Suffragettes | Women recall their struggle to win the vote
CHANNEL | BBC 2
FIRST BROADCAST | 13 December 1972
DURATION | 9 minutes 37 seconds
Aged 90 at the time of this interview, Dame Margery Corbett-Ashby remembers sharing a platform with the 'extremely brilliant' Pankhursts and recalls the split between the moderate and militant wings of the early suffragette movement. Speaking from the experience of a lifetime devoted to improving the lot of women, she looks forward to the day when flexible working conditions will help balance the needs of career and childcare for young mothers.
Joan Bakewell became one of the first women to break into television journalism, as a presenter of the BBC2 arts programme 'Late Night Line-Up'. In common with Dame Margery, she attended Newnham College, Cambridge, and was also made a Dame in 2008.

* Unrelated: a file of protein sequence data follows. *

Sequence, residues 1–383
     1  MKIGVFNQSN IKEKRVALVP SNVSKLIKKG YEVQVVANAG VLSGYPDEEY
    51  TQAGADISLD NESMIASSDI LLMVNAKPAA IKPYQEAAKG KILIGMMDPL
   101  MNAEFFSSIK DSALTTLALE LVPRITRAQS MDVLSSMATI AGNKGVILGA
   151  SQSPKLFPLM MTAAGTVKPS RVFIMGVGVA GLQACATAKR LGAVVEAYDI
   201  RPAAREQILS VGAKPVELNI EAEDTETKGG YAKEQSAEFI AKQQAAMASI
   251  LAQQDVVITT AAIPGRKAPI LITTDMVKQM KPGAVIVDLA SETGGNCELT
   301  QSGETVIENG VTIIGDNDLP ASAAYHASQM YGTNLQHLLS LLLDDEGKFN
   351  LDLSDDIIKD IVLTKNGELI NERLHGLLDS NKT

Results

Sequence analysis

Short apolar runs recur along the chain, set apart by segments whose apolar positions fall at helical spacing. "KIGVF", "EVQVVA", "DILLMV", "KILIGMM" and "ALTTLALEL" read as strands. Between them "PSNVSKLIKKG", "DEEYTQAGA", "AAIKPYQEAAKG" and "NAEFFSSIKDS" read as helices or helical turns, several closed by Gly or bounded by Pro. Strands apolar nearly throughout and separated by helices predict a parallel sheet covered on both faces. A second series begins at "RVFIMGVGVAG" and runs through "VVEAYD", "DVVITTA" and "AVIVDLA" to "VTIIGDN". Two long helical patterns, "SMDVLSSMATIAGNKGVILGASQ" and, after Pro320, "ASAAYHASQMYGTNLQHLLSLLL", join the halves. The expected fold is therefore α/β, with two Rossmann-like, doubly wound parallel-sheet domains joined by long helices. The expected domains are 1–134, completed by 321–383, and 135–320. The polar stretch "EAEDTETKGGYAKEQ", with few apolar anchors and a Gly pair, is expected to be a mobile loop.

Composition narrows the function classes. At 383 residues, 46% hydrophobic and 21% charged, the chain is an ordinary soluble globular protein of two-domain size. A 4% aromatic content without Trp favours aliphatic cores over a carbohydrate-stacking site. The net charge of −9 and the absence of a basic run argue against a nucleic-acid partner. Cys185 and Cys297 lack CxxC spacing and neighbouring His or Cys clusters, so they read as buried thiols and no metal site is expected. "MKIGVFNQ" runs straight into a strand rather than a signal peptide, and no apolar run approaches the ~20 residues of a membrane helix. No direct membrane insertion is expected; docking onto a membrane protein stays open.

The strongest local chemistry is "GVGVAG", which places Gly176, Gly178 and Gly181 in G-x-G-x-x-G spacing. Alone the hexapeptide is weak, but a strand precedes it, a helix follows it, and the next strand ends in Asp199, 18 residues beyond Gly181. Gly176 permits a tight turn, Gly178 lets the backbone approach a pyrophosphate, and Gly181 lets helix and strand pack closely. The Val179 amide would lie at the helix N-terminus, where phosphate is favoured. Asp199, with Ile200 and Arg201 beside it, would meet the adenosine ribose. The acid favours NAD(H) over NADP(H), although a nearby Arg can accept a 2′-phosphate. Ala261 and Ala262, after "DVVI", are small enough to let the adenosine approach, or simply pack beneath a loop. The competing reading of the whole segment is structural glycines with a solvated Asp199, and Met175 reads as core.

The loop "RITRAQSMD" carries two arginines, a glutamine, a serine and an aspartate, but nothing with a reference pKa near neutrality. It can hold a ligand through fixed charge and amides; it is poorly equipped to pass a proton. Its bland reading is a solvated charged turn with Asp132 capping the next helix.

Dame Ethel Smyth remembers a window breaking campaign.
Memories of an aerial leafleting campaign.
Risking arrest to campaign for the tax-paying woman's vote.
The achievements of the suffragette leader are recalled by her daughter.
A suffragette and a photographer remember an eventful court case.
A reunion with medals and memories.
A schoolgirl suffragette.
A smashing time in Pall Mall.
Lilian Lenton explains the 'Cat and Mouse' Act.
Memories of a militant suffragette.
Remembering when Emily Davison leapt under the King's horse.
Driving Mrs Pankhurst.
Two eminent peers share their experiences of the suffrage movement.
Two veterans of the suffragette movement talk about the early days of the campaign.
Mrs Pankhurst's chief organiser shares her story.
Joan Bakewell meets a veteran suffragette.
Views of a working-class suffragette.
The story of the last surviving suffragette.
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